Apple settles iPhone water damage lawsuit for $53M

Class-action lawsuit claimed that owners of the early versions of the iPhone and iPod Touch were unfairly denied warranty coverage.

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Apple has agreed to pay $53 million to settle a class-action lawsuit related to warranties covering early versions of the iPhone and iPod Touch.

The lawsuit, originally filed in 2010, claimed Apple had unfairly denied warranty coverage to some customers under an Apple policy associated with devices affected by water damage. The settlement, which still requires the court's approval, will be held in a fund to be distributed among the 153,000 members of the class-action suit, according to documents filed in the U.S. District Court for the Northern District of California and reviewed by The Wall Street Journal.

Thousands of owners of the original iPhone, iPhone 3G, iPhone 3GS, or the first three generations of the iPod Touch who unsuccessfully haggled with Apple to get their defective device replaced or repaired under warranty can expect payouts of around $200, depending on how many people submit claims, according to Wired, which first reported on the settlement earlier this month.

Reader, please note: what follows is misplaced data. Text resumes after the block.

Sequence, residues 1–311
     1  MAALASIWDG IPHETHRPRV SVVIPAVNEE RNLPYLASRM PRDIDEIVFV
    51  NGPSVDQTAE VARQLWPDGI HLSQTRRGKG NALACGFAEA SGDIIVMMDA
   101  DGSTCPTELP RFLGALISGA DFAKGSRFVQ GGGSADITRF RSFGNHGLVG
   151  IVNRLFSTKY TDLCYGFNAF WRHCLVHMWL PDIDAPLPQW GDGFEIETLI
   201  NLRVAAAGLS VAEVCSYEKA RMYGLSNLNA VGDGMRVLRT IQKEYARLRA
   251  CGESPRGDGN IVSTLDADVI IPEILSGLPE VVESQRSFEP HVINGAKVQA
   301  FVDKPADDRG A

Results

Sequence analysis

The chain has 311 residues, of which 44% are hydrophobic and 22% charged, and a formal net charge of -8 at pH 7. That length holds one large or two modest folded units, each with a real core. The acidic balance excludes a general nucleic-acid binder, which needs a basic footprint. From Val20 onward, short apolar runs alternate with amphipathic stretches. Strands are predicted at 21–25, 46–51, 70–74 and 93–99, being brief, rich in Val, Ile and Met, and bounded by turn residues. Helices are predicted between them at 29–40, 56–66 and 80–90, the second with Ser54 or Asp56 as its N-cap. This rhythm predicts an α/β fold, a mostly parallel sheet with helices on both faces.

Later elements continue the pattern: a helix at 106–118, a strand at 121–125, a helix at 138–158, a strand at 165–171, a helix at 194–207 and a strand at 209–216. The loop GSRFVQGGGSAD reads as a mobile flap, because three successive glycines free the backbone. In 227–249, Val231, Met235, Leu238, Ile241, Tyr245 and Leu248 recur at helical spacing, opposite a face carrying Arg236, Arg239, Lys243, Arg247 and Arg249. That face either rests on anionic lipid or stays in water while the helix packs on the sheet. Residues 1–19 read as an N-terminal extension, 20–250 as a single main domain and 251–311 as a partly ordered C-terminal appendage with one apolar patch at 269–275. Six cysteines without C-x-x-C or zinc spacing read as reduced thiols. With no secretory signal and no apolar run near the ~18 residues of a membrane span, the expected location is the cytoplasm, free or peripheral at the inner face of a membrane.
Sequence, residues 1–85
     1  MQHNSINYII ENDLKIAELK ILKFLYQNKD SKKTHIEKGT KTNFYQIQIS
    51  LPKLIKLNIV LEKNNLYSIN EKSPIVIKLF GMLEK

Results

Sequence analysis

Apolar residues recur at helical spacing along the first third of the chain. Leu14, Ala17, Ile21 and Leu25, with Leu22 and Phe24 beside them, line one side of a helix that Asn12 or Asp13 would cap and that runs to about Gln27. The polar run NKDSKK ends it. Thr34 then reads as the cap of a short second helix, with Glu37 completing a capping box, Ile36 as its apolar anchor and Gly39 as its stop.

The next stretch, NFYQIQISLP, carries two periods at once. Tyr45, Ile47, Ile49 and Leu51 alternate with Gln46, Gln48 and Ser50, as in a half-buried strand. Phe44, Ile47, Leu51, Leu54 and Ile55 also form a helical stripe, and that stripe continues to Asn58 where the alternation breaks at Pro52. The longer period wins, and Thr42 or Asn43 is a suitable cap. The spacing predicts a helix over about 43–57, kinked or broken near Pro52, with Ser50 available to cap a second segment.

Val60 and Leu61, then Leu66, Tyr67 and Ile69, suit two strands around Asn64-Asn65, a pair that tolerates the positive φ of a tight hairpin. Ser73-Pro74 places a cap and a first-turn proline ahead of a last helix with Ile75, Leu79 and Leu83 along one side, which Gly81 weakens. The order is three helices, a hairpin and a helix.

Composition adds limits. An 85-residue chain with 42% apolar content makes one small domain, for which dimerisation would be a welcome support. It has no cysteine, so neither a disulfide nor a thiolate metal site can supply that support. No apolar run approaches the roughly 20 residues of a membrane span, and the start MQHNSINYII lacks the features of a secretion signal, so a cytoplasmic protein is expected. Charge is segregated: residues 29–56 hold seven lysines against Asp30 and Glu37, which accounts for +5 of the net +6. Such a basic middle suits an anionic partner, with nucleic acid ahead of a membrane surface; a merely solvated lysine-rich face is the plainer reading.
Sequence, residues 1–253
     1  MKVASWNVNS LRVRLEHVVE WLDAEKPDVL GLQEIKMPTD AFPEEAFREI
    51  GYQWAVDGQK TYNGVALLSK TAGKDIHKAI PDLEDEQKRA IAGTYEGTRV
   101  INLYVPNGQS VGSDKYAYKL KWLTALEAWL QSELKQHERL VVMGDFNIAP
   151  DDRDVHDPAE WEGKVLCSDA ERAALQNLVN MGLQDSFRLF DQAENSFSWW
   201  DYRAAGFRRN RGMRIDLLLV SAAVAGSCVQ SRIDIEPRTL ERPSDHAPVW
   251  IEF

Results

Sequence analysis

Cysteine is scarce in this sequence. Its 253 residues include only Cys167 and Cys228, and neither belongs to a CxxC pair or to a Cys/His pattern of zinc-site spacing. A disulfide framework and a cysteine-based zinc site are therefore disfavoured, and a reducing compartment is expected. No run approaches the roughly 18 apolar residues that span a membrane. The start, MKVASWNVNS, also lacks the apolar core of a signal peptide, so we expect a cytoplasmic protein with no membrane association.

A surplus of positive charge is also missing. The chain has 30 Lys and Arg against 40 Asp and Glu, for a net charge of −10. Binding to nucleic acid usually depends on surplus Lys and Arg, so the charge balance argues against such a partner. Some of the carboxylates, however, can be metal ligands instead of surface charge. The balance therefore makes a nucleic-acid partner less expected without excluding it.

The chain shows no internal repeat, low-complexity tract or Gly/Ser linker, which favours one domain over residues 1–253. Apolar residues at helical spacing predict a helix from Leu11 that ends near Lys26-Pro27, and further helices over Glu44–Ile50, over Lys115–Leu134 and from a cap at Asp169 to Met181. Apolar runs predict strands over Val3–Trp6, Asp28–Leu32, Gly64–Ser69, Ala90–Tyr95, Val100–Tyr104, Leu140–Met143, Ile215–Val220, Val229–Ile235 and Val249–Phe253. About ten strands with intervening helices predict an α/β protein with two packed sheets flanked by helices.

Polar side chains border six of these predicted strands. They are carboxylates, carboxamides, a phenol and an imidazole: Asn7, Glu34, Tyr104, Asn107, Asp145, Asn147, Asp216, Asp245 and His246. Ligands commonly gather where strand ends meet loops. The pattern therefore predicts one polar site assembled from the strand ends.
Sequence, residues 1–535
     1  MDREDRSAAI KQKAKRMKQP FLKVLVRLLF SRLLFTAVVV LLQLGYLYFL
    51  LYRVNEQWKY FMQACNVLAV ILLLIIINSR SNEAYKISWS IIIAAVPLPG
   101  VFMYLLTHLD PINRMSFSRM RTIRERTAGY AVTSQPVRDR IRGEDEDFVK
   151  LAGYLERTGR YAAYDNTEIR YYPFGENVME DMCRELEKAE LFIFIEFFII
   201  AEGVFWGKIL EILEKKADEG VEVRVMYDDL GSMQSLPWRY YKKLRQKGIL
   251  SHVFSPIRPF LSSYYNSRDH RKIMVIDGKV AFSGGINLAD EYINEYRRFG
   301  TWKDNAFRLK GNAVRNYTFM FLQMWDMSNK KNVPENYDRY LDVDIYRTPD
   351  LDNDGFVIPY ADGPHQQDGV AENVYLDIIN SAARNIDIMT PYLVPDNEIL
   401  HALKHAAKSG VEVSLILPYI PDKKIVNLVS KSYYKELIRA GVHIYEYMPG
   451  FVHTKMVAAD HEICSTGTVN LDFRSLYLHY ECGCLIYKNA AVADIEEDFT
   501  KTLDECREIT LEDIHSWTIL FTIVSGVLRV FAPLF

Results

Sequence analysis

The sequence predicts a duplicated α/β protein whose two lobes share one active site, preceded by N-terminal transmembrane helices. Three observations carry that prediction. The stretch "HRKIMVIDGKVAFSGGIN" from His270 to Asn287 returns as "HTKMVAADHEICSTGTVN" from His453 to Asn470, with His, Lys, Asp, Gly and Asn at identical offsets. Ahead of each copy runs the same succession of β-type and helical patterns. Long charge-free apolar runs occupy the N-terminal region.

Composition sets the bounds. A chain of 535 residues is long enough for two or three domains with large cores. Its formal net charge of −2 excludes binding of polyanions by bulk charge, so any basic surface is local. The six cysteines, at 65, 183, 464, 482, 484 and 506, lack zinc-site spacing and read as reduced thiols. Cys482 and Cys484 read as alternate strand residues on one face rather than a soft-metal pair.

For these devices, Apple had one-year standard and two-year extended warranties, but in many cases the company claimed it was the users who damaged their iPhones and iPod Touches. If an indicator placed inside the device changed from white to pink or red, it proved there was water damage.

Court documents indicate that Apple had a "liquid damage policy" that allowed Apple to deny warranty coverage if the liquid indicator changed color. However, 3M, which made the indicators, later said that heat could also cause color change.

CNET has contacted Apple for comment and will update this report when we learn more.

The proposed settlement comes on the heels of warranty criticism in China, where Apple was accused of repairing only broken or otherwise faulty parts within its products for customers in China, versus providing new replacements in other countries. The flap led a revision in Apple's warranty policy and an apology from Apple CEO Tim Cook.